Ask them questions about food that encourage them to be interested in it. What food on their plate is the crunchiest, softest, shiniest, saltiest? Imagine you’re on a cooking show and come up with fun or creative ways to portray dinner as if you were contestants or judges.
Make a color chart and have the children put stickers in different columns to show the variety of vegetables they have tried.
Experiment with different textures.
Children’s aversion to vegetables often has as much to do with texture as taste. Your children may prefer certain foods raw, roasted, steamed or air fried. Maybe you can’t get them to eat a side of broccoli, but they will eat a bowl of mixed broccoli soup. Mixed soups can also be used as dips for sandwiches, wraps, crackers or other vegetables they like the most.
Make them taste better.
But let’s be honest: it’s usually the taste of vegetables that puts off children and many adults. We all want eat foods that taste good, and trying to force kids to like foods that just don’t taste good is always going to be a losing proposition. That said, there are ways to enhance (and, to some extent, disguise) the flavor.
In general, grilled vegetables tastes better than steamed or boiled. Salt and other seasonings make a big difference, as does adding fat. Other proven ideas are
Serve small portions.
Children don’t need to eat huge portions of vegetables. One to one and a half cups during the day is sufficient for young children, two to three cups for older children and adolescents. You’ll likely have better luck serving small portions at each meal and snack. Toddlers can get what they need with just a few bites each time spread over the day.
bento boxes can be a great way to serve smaller portions of a variety of foods in a kid-friendly way.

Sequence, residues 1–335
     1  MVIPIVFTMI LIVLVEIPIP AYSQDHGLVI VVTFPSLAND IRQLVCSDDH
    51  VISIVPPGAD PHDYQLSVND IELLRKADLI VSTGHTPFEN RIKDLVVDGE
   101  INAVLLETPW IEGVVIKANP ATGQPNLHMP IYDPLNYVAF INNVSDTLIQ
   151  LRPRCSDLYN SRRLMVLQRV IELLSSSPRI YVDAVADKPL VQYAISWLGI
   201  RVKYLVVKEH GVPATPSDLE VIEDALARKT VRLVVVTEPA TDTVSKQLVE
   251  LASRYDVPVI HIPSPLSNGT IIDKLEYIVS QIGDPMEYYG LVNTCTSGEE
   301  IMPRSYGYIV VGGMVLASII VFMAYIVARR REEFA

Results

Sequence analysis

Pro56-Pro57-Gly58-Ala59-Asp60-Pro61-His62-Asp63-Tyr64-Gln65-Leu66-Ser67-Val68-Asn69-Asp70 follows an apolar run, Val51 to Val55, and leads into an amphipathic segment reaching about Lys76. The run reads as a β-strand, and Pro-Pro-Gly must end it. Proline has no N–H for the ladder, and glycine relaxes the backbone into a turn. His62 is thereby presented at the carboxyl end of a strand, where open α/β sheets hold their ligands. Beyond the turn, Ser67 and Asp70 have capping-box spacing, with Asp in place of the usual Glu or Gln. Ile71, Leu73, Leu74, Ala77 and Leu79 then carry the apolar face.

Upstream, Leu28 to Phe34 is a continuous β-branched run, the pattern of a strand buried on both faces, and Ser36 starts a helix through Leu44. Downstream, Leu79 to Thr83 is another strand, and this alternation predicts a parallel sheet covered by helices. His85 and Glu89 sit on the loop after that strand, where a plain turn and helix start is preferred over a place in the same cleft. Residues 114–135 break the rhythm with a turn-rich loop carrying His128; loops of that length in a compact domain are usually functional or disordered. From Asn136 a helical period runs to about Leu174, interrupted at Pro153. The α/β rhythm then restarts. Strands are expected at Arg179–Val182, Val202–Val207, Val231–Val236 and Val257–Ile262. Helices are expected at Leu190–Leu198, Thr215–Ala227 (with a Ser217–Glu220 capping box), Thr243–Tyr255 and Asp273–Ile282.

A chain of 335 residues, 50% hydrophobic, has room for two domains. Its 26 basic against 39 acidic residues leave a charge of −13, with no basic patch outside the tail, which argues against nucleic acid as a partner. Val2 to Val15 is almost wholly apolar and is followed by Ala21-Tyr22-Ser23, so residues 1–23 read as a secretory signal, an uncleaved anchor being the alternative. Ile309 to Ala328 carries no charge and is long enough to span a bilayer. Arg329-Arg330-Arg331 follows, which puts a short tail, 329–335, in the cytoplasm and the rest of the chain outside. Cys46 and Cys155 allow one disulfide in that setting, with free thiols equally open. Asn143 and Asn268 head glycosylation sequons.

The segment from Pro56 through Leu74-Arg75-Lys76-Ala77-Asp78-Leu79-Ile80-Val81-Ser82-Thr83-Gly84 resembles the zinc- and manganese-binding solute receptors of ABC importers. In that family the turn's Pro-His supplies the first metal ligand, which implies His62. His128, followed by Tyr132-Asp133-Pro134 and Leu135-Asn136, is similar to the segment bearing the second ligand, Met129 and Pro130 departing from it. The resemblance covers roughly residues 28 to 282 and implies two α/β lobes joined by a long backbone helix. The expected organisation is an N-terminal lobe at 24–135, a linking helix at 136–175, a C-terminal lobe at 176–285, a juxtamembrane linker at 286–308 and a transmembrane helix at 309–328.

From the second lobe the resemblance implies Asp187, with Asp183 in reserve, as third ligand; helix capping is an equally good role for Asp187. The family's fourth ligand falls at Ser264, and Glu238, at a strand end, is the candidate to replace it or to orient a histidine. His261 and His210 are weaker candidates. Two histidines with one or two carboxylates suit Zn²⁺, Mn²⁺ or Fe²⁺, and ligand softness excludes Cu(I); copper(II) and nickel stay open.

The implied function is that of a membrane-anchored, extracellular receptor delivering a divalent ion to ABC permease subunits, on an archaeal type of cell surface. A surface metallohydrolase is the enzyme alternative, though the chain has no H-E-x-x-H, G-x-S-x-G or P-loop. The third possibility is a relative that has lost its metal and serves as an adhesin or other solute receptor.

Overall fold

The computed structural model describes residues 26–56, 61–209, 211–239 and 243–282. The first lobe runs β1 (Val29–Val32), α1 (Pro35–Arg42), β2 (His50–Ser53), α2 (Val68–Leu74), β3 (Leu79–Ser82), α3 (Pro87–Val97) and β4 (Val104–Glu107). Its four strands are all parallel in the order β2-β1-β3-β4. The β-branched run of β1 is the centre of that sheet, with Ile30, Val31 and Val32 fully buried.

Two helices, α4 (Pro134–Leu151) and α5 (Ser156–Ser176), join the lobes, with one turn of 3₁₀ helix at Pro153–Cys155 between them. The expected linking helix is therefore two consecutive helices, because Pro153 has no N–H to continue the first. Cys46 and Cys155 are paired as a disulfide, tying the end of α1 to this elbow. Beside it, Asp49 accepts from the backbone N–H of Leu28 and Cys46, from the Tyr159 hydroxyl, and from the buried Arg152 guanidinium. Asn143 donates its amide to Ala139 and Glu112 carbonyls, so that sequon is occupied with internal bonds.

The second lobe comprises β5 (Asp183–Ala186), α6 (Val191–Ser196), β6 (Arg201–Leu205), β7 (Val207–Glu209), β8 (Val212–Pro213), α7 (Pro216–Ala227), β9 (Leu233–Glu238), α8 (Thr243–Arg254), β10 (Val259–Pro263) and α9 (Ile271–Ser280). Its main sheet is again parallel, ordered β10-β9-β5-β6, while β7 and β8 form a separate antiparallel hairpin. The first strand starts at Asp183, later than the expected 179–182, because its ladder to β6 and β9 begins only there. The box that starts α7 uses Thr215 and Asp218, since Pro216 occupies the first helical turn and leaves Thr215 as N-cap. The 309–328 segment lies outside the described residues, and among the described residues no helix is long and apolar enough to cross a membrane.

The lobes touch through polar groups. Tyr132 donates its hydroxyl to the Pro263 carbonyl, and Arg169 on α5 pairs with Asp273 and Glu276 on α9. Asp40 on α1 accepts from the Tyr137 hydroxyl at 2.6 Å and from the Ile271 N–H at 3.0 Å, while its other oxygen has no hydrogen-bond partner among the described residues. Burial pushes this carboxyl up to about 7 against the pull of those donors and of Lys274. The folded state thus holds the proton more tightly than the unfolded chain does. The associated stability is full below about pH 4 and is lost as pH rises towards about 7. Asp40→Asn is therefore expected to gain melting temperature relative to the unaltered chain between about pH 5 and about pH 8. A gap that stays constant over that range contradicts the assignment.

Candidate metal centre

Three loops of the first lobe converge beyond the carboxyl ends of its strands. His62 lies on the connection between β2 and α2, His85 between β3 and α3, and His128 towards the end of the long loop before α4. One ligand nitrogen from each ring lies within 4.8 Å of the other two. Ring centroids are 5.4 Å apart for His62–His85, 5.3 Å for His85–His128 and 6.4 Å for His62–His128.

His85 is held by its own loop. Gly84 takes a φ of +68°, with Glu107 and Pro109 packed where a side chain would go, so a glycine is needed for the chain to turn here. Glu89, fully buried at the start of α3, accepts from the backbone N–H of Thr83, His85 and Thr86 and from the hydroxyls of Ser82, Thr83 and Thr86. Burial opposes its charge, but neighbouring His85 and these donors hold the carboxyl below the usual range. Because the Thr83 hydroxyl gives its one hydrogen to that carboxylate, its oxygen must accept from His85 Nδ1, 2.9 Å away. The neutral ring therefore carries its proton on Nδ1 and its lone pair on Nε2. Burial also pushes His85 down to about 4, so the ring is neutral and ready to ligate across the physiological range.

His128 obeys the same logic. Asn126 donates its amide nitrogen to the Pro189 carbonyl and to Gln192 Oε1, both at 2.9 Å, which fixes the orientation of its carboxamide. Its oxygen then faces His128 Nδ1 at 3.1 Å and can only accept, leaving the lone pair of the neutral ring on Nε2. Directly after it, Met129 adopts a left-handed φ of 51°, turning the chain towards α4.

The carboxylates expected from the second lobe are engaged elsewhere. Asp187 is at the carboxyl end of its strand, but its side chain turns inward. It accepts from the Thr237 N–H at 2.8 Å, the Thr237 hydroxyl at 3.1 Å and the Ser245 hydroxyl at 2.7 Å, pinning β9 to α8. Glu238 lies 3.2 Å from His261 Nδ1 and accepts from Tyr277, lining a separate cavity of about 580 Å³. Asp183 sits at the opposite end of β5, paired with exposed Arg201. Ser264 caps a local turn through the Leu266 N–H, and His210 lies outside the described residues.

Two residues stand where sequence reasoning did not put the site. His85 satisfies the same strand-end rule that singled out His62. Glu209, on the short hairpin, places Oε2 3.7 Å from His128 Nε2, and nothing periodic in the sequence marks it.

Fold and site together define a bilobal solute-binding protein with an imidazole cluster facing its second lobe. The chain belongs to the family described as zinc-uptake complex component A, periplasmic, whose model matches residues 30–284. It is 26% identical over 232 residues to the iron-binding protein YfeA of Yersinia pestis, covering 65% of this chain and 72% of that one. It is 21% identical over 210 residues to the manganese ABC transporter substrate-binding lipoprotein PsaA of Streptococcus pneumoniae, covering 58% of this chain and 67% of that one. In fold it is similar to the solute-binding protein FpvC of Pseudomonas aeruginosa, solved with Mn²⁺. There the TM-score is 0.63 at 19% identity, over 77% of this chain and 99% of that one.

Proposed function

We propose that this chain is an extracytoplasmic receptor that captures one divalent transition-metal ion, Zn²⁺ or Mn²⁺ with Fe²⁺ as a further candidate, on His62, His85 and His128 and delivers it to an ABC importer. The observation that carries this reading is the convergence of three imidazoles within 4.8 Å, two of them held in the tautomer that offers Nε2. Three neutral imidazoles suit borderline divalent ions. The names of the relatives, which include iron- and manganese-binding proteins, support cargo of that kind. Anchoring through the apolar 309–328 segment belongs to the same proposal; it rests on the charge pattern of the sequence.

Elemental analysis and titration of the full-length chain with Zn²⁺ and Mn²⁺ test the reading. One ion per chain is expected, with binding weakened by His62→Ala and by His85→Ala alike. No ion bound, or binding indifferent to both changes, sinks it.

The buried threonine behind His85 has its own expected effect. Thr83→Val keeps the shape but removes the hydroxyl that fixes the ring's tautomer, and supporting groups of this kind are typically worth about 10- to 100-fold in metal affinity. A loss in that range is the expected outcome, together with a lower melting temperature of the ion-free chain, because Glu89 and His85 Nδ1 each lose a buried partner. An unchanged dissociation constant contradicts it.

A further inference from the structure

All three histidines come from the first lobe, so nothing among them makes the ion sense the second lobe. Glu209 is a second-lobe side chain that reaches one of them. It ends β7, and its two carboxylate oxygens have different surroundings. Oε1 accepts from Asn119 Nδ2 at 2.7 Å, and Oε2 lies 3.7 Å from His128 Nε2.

When all else fails, hide them
This strategy is somewhat controversial. Yes, the ultimate goal is to help our children make independent food choices. The “hide them” strategy shouldn’t replace your efforts to get your kids on board with veggies, but sometimes you have to bite the bullet and get those nutrients. In other words, keep trying, even if you sneak into veggies. by
- Blend them into smoothies
- Bake them in muffins, pancakes or brownies
- Slip them into the pasta sauce
- Mix them with minced meat
lead by example
If you want your kids to “eat the rainbow” of their own free will, you need to model that behavior. Also watch how you talk about vegetables. If your attitude is, “Yeah, cauliflower is gross, but it’s good for you, so eat it,” chances are your child will never accept it.
Do not abandon
Your kids may never like vegetables no matter how hard you try. Some people like certain foods more than others. You are not a bad parent and your child is not a bad child if he does not like vegetables. That doesn’t mean you should stop offering them, though. Research shows that it usually takes 6-15 exposures before a child begins to accept a new food, and it could be a lot longer.
They will probably never like vegetables as much as sweeter foods like fruit or ice cream. It’s another innate preference, and you can’t fight nature. That’s why it’s important to get their buy-in. Hopefully, they’ll choose to eat vegetables even if they’re not their favorite, because they understand why it’s important.
If they eat a variety of foods, even if not as varied as you would like, this includes protein sources, a few different vegetables, fruits, and perhaps yogurt and other dairy products, it’s a good start. If you’re concerned about his nutritional status, talk to his pediatrician about adding a multivitamin. Otherwise, give it time.
The big thing to remember is that you don’t want to get locked into a power struggle with your kids over food. When the meal becomes a battlefield, everyone loses. I know it’s hard when it feels like your kids are stubborn and uncooperative, but their dislikes have a real biological basis (and also, kids push buttons like it’s their job). Chances are your child will become a good eater with a more diverse palette as they get older if you continue to offer opportunities and encouragement without forcing them. Hang on!